Unauthorised Collaboration occurs when you work with, or share work with, others on an assessment which is designed as a task for individuals and in which individual answers are required. This form does not include assessment tasks where students are required or permitted to present their results as collaborative work. Nor does it preclude collaborative effort in research or study for assignments, tests or examinations; but unless it is explicitly stated otherwise, each students answers should be in their own words. If you are not sure if collaboration is allowed, check with your lecturer..
Impersonation is getting someone else to participate in any assessment on your behalf, including having someone else sit any test or examination on your behalf.
Falsiﬁcation is to falsify the results of your research; presenting as true or accurate material that you know to be false or inaccurate.
Use of Unauthorised Materials
Unless expressly permitted, notes, books, calculators, computers or any other material and equipment are not permitted into a test or examination. Make sure you read the examination rules carefully. If you are still not sure what you are allowed to take in, check with your lecturer.
Assisting Others to Commit Academic Misconduct
This includes impersonating another student in a test or examination; writing an assignment for another student; giving answers to another student in a test or examination by any direct or indirect means; and allowing another student to copy answers in a test, examination or any other assessment.
Sample problemThe Bright’nWarm Greenhouse people are installing a new lighting system. To provide light and warmth to their plants through overhead lighting they must decide on how many incandescent bulbs and fluorescent tubes to use to achieve the effect they want. Each bulb gives off 4 units of heat and 6 units of light while each tube gives off 2 units of heat and 9 units of light. The bulbs cost \$3.00 each and the tubes cost \$4.00 each. The system must provide at least 20 units of heat and at least 54 units of light. How many bulbs and tubes should they use to minimize the cost?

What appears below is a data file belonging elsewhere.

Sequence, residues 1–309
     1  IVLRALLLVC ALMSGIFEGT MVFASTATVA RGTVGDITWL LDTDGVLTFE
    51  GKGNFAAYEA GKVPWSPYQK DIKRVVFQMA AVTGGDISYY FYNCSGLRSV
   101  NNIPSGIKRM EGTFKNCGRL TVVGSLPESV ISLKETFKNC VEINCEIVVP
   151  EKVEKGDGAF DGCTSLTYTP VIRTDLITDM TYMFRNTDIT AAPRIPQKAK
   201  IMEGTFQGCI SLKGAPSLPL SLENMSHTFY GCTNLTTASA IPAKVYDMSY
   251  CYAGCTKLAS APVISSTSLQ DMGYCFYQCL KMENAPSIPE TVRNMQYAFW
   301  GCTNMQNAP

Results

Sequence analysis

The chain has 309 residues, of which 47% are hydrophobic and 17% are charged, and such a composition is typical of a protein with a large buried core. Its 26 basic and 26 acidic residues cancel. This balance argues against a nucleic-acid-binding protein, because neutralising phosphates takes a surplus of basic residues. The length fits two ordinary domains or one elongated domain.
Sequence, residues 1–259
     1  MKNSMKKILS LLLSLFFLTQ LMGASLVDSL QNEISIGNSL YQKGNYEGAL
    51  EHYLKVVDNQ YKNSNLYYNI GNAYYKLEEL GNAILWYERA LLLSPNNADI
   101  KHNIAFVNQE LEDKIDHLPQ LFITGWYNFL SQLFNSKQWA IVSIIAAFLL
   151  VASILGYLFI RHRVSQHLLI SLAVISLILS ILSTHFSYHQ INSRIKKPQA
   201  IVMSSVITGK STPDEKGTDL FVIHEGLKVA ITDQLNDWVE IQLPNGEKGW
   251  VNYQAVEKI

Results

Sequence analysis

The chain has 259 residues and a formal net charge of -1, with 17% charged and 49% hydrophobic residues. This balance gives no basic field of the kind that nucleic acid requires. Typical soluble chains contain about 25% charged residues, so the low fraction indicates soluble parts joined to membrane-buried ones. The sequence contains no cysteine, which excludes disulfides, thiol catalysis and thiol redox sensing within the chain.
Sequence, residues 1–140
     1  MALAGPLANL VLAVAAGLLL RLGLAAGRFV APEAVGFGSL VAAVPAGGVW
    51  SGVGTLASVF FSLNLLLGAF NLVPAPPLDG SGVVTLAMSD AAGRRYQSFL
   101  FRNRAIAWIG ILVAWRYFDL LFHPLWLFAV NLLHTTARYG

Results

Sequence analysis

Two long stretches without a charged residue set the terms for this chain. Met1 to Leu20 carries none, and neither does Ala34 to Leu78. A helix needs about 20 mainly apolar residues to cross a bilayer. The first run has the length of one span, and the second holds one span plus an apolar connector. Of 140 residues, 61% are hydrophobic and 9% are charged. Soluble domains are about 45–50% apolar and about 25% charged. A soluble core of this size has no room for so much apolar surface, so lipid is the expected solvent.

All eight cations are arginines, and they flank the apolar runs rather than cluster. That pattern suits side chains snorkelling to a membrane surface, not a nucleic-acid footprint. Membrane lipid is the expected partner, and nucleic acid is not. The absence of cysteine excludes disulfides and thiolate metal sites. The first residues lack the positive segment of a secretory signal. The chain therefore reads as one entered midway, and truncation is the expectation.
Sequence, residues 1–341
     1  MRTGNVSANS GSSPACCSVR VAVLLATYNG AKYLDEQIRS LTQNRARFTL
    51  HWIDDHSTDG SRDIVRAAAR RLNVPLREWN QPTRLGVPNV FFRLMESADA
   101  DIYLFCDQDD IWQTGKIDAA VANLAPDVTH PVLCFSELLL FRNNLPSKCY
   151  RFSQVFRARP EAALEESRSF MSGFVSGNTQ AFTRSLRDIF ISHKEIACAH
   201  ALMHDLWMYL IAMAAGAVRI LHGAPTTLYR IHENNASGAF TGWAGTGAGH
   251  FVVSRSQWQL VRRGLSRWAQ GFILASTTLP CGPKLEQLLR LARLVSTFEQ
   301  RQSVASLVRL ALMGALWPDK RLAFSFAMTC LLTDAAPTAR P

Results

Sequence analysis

Much of the basic mathematics we learn today can be traced back thousands of years. In Babylonian times (2000 to 1500 B.C.) quadratic equations could be solved, both by substituting into a general formula and by completing the square. Some cubic equations and biquadratic equations were also discussed. Tablets have been unearthed listing hundreds of unsolved problems involving simultaneous equations.
Their algebraic approach to solving geometric problems pre-dates by many centuries the advent of what we now call algebraic geometry. From an 1800 B.C. tablet: An area X, consisting of the sum of two squares, is 1000. The side of one square is 10 less than 2/3 the side of the other square. What are the sides of the squares?
Can you solve this problem?
A large ship manoeuvring towards its berth travels at a speed (in km/hr) of $t^3-3t^2+4$ (starting from time $t$=0). How long does it take to come to a stop? How far does it travel over that period of time?